Spotted: High hopes; remote diagnosis

Marijuana gets scrutiny as an autism treatment, and a new app may enable remote diagnosis of autism.

By Rachel Nuwer
10 July 2015 | 4 min read
This article is more than five years old.
Neuroscience—and science in general—is constantly evolving, so older articles may contain information or theories that have been reevaluated since their original publication date.
  • Many parents and some clinicians believe that marijuana can alleviate certain symptoms of autism, science writer Emily Willingham wrote Wednesday on Some anecdotal evidence seems to support this claim, but Willingham underscores the caveats of this untested (and, in many states, still illegal) line of treatment. She points out that none of the limited number of studies she found verified a benefit for people on the spectrum.At the same time, Willingham writes, there could be irreversible negative consequences for children whose parents medicate them with marijuana. She concludes that although some compounds in marijuana might be safe and beneficial for people with autism, conducting scientific research to address these questions is the only way to find out for sure.
  • Parents and teachers can choose from a number of autism-related apps and other digital tools. These technologies may help determine whether a child has autism or assist those on the spectrum with communication and social skills. And now, a couple whose son has autism has created NODA (naturalistic observational diagnostic assessment) — the latest app for expediting the diagnostic process, The Buffalo News reported Monday. The app lets parents capture informative footage of the child that a doctor can view remotely. Its creators believe that its use may reduce wait times to see a specialist, save money and highlight behaviors that might not show up during an office visit.NODA includes instructions for parents on filming their child with a smart phone, such as when to start filming and how to prompt the child, by say, calling his name or pointing to something. A specialist, who can be located anywhere, reviews the footage and follows up with a diagnostic report.

    A 2014 study proposing a different method of video diagnosis received strong criticism, but that idea relied on non-specialist volunteers. NODA, which is supported by a grant from the National Institute of Mental Health, is clinically tested and supported by a team of diagnostic clinicians. The app is available in Arizona and scheduled to be released nationwide by the end of the year.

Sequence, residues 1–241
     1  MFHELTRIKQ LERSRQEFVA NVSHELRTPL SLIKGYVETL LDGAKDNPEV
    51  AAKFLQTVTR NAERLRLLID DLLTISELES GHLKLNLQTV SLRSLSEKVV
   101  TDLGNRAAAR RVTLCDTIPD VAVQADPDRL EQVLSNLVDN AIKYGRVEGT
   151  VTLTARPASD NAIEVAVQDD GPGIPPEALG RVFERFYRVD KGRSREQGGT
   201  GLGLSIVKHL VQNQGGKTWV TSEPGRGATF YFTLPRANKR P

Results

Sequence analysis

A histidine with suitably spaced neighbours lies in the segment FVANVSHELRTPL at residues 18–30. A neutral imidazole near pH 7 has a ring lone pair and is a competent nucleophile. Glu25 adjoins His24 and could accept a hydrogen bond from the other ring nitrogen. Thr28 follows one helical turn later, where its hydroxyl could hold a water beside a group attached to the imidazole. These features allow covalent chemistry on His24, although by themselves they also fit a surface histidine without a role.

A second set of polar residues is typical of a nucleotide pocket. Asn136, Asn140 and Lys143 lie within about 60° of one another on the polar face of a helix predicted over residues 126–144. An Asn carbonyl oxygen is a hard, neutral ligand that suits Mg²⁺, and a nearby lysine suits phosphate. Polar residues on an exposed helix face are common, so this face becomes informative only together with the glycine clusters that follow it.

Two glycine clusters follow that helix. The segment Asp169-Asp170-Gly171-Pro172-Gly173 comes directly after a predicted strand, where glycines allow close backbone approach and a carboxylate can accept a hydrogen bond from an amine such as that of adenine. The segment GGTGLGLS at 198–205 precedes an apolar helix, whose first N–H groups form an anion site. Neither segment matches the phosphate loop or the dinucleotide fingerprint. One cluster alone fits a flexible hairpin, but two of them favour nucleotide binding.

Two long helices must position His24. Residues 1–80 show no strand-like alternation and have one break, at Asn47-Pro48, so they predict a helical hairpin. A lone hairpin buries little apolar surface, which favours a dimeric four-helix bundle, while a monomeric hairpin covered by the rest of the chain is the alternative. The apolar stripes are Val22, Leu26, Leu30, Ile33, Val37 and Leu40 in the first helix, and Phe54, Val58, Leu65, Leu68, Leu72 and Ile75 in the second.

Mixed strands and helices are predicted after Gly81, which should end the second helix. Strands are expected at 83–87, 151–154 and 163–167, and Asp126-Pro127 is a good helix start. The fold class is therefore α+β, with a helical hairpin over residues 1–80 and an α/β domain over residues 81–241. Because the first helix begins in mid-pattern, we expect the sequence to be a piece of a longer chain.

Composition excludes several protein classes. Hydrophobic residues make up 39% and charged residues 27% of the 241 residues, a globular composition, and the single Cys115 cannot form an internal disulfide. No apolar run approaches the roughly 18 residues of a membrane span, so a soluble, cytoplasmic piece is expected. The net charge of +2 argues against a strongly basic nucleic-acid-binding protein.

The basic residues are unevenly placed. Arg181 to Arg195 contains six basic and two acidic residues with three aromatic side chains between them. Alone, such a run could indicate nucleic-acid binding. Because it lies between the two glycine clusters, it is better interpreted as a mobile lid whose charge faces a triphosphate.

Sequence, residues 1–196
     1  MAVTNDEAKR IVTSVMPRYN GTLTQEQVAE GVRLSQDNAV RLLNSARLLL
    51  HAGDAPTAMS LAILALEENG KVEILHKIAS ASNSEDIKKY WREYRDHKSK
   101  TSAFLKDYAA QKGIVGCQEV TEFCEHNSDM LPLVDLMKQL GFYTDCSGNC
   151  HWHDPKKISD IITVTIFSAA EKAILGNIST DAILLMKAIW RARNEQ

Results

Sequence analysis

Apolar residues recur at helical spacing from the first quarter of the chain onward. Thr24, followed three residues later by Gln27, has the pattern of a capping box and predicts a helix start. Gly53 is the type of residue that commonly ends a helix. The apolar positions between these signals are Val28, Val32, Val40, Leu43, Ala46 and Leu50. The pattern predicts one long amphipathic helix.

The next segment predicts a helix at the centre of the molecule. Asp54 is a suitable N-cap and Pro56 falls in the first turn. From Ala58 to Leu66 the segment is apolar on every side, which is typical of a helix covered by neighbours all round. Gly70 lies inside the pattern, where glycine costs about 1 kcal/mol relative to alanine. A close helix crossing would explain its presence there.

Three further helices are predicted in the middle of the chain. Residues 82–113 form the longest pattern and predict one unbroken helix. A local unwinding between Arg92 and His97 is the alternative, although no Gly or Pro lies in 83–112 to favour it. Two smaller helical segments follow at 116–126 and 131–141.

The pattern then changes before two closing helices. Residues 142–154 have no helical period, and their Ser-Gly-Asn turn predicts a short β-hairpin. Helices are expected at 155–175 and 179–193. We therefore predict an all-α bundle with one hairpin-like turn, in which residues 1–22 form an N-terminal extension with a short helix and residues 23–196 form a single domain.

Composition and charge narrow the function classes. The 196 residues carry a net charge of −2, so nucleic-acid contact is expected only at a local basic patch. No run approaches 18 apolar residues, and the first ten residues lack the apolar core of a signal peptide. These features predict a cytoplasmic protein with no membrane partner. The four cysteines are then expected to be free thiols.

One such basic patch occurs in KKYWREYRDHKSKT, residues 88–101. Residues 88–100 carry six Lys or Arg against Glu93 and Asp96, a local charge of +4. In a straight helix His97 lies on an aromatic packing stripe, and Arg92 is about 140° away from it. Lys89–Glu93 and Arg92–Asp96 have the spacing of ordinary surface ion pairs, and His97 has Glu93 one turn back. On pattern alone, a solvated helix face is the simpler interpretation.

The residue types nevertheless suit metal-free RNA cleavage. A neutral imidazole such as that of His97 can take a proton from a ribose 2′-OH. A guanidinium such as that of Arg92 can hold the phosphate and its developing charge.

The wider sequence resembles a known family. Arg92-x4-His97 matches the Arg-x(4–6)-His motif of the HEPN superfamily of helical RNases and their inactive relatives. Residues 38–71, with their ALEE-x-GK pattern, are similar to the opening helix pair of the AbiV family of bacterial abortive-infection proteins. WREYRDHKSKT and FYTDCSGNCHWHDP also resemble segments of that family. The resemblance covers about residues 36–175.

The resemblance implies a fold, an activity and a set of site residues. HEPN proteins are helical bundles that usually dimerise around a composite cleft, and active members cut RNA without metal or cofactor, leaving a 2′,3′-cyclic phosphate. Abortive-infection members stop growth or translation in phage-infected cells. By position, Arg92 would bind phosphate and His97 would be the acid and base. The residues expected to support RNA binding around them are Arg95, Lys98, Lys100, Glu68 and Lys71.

• Staying positive pays off for parents of children with autism, according to a study published this week in theJournal of Autism and Developmental Disorders. The researchers sought to assess what might help parents keep their bond strong, despite the stress that raising a child with autism can sometimes cause.Researchers from the University of Miami surveyed 67 couples that have an affected child. They asked both parents questions about how optimistic they generally are, what coping strategies they use, how supported they feel by their partner and how satisfied they feel about their relationship. The more positive the parent, the more satisfied they were with their relationship.

    “The findings imply that there are factors that could potentially enhance family functioning, marital quality and parenting,” senior researcher Michael Alessandri, executive director of the University of Miami Center for Autism and Related Disabilities, said in a statement, “and that strengthening these qualities should be the target of family-focused interventions.”

  • The hippocampus, a deep-seated brain region that informs our sense of distance, also seems map our relationships, researchers reported 1 July in Neuron. The brain creates a “social map,” the researchers found, ranking people we know by how close we feel to them. Daniela Schiller, a psychiatrist and neuroscientist at the Icahn School of Medicine at Mount Sinai, and her colleagues observed how volunteers interacted with virtual characters, and measured how those role-playing relationships changed as bonds were forged, shifted and broken.Meanwhile, the team measured brain activity using functional magnetic resonance imaging. They found that they could predict activity in the hippocampus using a dynamic graph that represents the changing level of intimacy in the relationships. The results suggest that some of the social problems of people with autism, schizophrenia and other disorders stem in part from a poorly functioning hippocampus, the researchers wrote in a statement. Following up on this hypothesis could result in an improved understanding of such conditions, and perhaps new therapies.
  • A short romantic comedy from writer/director Rachel Israel explores the budding relationship between a high-functioning man on the spectrum and a younger, less independent woman with autism. Notably, all of the primary actors in “Keep the Change” have autism themselves. The film won Best Film at the Columbia University Film Festival two years ago, and Israel is now using Seed&Spark’s crowd-funding platform to expand the short into a feature-length movie for the big screen. So far, the project has met more than half of its fundraising goal, with a week left in the fundraising round.